In due course, a coal-black bowl appeared containing an homage to the French Laundry’s Thomas Keller. Our waiter detailed the inner workings of Simmons’s My Version of Oyster & Pearl: the Pacific sturgeon caviar, the dashi broth fortified with oyster liquor, the sumptuous butters tinged with shallot and summer truffle. In the end, it all came down to taste, and the effect was so intense that it instantly took me back to a fantastic porcini soup I had had in Houston many years ago.

Like many chefs, Simmons loves a culinary sleight of hand. So it didn’t surprise us that the next dish was a take on carbonara—made with sea urchin. Small skeins of tagliatelle were covered not in the usual Parmesan and bacon sauce but rather Santa Barbara uni blended with bacon fat, miso, and lemon juice. A bonus chunk of Alaskan king crab took it almost over the top.

The final three savory courses detoured in a terrestrial direction. We loved both the pork belly and octopus and the smoked duck breast sided by a rich torchon of foie, but there was no doubt that the crown jewel of the evening was the lavish surf and turf: lobster and a Miyazaki steak. Forget Kobe and Akaushi. The bovine du jour is Miyazaki, a supernaturally fat-marbled type of wagyu that resides on the Japanese island of Kyushu. My strip steak, surreally red inside and seared to a peppery ebony crust outside, was simply one of the best I’ve ever eaten. Ever.

By the time we had plowed through six courses, we were almost too full for Nguyet Nguyen’s ethereal, origami-like desserts. As much as I liked her fluffy tonka bean and almond cake, it was her minimalist silken pineapple-basil sorbet and sprightly carbonated pineapple conserve topped by a candied mint leaf that won my heart.

I’ve seen a lot of chefs come and go over the years. The ones who make it have something in common aside from raw talent, and that is fire in the belly (sorry, couldn’t resist). So when I called  Simmons to talk, I asked him where he got his drive. “I was kind of a mess in high school in Arlington,” he admitted, “but I had cooked at home and I seemed to have kind of a natural talent for it. So when I graduated I went straight to the Cordon Bleu in Austin.” Fifteen months later, he got an externship and then a job at the prestigious Mansion on Turtle Creek, in Dallas. After three years, he left to work at Hubbell & Hudson (the larger restaurant that encompasses Cureight and of which he is also executive chef). And do you enjoy tasting menus, I inquired, already knowing the answer. “It’s a level of happiness beyond anything I’ve ever done,” he said.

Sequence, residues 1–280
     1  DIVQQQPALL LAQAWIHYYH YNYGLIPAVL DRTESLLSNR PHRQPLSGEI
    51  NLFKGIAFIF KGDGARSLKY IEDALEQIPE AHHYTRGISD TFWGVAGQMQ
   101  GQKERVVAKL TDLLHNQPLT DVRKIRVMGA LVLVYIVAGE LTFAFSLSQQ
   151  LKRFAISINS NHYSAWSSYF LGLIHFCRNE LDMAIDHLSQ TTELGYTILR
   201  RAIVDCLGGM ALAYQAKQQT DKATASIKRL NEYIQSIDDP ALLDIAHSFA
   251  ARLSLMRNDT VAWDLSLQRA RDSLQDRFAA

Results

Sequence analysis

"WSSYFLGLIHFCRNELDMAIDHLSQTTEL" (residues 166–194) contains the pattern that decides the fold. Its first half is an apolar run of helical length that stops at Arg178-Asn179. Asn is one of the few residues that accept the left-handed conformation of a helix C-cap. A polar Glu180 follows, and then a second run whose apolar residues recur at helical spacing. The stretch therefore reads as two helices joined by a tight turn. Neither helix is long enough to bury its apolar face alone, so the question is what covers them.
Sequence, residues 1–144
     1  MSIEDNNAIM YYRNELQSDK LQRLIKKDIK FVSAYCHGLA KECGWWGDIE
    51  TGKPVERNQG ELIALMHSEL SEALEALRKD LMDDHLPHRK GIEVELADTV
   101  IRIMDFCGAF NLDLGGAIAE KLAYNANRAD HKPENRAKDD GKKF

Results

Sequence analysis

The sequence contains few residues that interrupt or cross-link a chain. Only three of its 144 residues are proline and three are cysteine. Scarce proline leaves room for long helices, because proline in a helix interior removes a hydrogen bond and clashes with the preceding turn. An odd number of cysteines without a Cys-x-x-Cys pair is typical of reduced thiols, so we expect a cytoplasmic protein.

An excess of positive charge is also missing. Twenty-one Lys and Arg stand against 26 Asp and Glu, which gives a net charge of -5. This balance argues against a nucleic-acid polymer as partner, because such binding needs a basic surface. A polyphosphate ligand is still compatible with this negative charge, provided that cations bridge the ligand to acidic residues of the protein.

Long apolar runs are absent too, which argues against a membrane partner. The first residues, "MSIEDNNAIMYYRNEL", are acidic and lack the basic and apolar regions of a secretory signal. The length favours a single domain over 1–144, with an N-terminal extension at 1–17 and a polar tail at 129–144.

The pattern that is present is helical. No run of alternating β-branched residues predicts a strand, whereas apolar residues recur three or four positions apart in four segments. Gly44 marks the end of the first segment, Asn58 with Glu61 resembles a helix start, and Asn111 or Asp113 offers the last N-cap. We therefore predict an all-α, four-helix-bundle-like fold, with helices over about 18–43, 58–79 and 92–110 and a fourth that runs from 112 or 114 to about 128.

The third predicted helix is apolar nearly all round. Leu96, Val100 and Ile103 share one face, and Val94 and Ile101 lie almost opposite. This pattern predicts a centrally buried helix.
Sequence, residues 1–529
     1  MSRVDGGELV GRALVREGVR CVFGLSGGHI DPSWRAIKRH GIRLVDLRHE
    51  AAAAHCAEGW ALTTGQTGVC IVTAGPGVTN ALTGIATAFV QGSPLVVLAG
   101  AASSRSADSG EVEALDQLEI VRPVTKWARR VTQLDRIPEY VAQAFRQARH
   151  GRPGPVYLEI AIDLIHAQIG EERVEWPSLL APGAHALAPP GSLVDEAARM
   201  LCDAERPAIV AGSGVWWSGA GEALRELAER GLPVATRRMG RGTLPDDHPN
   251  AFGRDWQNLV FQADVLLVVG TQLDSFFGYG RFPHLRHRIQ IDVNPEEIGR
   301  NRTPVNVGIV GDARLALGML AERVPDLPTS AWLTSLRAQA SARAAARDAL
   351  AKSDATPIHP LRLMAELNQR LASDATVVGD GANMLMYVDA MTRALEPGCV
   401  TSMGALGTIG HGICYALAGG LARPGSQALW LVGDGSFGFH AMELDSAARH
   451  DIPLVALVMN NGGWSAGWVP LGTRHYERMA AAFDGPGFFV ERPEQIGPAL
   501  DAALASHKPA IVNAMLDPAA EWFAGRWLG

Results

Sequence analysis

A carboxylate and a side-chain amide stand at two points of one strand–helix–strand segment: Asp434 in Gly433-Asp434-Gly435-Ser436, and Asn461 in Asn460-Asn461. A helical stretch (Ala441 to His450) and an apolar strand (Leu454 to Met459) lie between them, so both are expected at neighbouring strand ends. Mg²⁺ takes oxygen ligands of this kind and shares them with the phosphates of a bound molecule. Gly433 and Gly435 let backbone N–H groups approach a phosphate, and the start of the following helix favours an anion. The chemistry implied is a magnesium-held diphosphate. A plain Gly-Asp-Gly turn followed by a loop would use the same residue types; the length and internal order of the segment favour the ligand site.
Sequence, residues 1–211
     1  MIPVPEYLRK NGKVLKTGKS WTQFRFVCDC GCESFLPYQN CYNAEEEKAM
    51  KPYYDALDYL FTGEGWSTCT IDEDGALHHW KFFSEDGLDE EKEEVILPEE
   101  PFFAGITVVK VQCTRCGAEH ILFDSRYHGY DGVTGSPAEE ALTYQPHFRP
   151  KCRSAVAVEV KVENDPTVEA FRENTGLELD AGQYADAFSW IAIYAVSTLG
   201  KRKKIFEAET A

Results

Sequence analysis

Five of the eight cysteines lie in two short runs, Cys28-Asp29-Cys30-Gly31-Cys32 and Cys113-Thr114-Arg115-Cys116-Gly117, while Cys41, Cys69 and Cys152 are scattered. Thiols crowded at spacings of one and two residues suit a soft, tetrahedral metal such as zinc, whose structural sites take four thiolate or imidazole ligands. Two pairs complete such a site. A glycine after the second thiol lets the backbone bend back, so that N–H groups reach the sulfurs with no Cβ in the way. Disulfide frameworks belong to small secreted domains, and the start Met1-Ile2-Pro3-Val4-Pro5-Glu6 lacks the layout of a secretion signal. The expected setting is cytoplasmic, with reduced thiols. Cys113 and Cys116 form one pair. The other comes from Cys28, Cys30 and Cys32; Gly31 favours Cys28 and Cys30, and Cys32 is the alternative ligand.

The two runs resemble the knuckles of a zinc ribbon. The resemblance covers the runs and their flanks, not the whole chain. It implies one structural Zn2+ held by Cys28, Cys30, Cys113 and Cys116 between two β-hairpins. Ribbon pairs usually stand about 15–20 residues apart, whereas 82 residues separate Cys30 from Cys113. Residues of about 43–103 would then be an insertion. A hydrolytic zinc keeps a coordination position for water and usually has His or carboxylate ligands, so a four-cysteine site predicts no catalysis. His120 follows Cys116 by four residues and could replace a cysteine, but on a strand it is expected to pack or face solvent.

As we wrapped up, I cynically had to ask, “Do you believe there will be enough customers in The Woodlands to keep this thing going?”

“I think so,” he said. But that’s not where he intends to stop. “Hopefully, I can bring in Houston diners,” he said.

“Well, good luck,” I told him, meaning it. Afterward, I thought, yes, it could work. First, tell your bosses to hire an interior designer. Then figure out a Houston promotional campaign. And hang in there. It won’t be easy, but you just might be the one to pull it off.

Cureight: 24 Waterway Ave, The Woodlands (281-203-5641). D Thur–Sat. $$$$

Opened: June 18, 2015

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  • Fantasy Maker

    Good luck, you will need it if this is what you plan on serving